Thursday, January 1, 2015

2014 Banding Report

Let me assure my gentle readers that neither this juvenal Northern Saw-whet Owl nor the bander were in any way injured while taking this photograph. I banded this owl on 23 June 1983 in western South Dakota, at the confluence of the Cheyenne and Bell Fourche rivers.  At this location, some 70 miles east of the Black Hills, stands a remnant grove of Ponderosa Pines. I led a summer field trip with about a dozen college students to study the plants and animals found in the area. Banding not only tells you where birds go, but also what birds inhabit an area and, sometimes, their breeding condition.

I post this photo both because this plumage is rarely seen and to let you know that I have updated my annual banding reports to include 2014, and to compare those totals with statistics from 2008-2013. This year, 2014, saw 789 individual birds banded, the lowest in my seven year’s of banding near Northfield. The average is 1207 per year. Species showing above average numbers include American Goldfinch, Tennessee Warbler, and Hermit Thrush. Birds with below average numbers include American Robin, Cedar Waxwing, and Chipping Sparrow. Just click on the tab below the banner at the head of this blog to see the complete details.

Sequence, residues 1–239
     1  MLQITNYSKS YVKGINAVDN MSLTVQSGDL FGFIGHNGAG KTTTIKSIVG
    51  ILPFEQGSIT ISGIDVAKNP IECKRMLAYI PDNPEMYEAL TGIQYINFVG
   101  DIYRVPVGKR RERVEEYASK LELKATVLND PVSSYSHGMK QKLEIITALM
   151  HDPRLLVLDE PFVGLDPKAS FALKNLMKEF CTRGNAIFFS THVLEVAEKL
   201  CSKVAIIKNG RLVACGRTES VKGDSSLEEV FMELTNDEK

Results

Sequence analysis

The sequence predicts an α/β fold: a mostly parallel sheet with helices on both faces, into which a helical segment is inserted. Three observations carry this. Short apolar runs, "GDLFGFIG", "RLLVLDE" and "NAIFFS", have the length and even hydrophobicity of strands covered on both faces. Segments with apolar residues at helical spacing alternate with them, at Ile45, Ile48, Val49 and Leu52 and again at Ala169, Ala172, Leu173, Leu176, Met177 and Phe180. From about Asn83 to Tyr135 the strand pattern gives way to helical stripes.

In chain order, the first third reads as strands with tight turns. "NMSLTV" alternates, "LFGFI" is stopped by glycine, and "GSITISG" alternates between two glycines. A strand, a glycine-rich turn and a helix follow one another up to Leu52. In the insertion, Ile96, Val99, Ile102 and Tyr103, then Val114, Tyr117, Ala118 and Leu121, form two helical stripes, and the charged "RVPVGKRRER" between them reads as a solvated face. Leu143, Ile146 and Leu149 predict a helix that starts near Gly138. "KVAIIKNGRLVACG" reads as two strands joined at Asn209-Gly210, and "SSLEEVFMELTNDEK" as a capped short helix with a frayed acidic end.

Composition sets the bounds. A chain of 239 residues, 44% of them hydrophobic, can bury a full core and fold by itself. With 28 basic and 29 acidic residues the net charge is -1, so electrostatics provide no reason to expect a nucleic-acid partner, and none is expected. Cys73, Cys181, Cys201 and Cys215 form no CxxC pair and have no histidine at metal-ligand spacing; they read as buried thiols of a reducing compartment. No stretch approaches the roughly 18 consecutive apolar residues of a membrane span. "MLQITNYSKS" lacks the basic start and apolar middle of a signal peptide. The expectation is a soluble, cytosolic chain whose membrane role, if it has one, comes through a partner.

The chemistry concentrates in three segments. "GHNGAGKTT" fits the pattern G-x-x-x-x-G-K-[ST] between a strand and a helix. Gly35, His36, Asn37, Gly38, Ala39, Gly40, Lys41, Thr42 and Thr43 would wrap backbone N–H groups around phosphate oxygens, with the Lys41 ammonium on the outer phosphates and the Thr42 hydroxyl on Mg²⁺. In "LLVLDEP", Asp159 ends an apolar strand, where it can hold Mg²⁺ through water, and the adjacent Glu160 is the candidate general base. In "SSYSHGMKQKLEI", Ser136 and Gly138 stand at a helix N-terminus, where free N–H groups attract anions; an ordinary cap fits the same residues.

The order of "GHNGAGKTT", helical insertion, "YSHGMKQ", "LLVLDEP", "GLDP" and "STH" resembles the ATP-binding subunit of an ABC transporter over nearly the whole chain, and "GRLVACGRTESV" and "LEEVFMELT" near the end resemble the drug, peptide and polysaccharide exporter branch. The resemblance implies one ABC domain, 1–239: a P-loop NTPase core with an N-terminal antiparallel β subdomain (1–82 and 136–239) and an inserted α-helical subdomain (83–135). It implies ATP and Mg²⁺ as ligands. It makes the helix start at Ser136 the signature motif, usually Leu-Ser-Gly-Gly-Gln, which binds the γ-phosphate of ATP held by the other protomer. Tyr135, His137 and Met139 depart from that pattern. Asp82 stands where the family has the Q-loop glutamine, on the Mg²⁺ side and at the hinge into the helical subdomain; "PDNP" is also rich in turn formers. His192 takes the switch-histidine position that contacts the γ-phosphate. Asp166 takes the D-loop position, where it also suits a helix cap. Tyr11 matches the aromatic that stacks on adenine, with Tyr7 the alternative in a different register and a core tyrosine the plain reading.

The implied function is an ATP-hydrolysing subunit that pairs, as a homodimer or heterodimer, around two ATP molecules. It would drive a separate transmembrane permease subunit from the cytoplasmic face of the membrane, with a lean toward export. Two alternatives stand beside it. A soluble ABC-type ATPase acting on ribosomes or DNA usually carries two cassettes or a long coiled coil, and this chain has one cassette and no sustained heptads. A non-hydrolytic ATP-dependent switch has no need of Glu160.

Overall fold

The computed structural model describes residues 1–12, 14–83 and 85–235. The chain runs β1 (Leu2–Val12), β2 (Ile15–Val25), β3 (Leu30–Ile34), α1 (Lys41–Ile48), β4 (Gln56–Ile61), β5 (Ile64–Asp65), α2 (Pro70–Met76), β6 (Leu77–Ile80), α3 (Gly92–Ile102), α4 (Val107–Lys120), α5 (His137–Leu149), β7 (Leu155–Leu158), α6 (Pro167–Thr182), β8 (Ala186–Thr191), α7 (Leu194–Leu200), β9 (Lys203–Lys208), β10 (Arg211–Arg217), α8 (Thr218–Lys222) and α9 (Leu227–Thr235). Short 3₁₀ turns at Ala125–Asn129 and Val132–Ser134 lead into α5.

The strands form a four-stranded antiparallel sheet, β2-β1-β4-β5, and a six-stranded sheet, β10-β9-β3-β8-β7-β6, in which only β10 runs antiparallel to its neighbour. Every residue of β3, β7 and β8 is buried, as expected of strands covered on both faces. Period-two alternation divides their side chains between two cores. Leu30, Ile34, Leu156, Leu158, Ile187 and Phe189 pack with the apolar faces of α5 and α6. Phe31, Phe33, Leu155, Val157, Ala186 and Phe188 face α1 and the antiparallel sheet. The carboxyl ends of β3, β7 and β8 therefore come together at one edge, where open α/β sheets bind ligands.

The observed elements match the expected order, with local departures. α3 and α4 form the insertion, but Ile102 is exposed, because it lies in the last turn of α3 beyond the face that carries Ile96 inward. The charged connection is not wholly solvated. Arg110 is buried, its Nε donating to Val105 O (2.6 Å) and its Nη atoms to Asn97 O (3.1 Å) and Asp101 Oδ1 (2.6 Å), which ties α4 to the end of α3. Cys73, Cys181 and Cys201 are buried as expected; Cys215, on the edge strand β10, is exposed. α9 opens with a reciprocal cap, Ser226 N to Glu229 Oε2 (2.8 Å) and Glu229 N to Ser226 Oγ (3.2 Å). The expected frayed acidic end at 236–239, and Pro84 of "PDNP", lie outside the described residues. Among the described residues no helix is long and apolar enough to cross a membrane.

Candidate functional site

1. Wow, those numbers are down! Any way of knowing whether that is indicative of a general decline or simply variable migration patterns? (Though I note that summer numbers are down too.) There must be a national database of banders' numbers somewhere. Of central flyway numbers?

    1. We had many more days with no birds banded than in previous years. Of course this “trend” may be entirely local.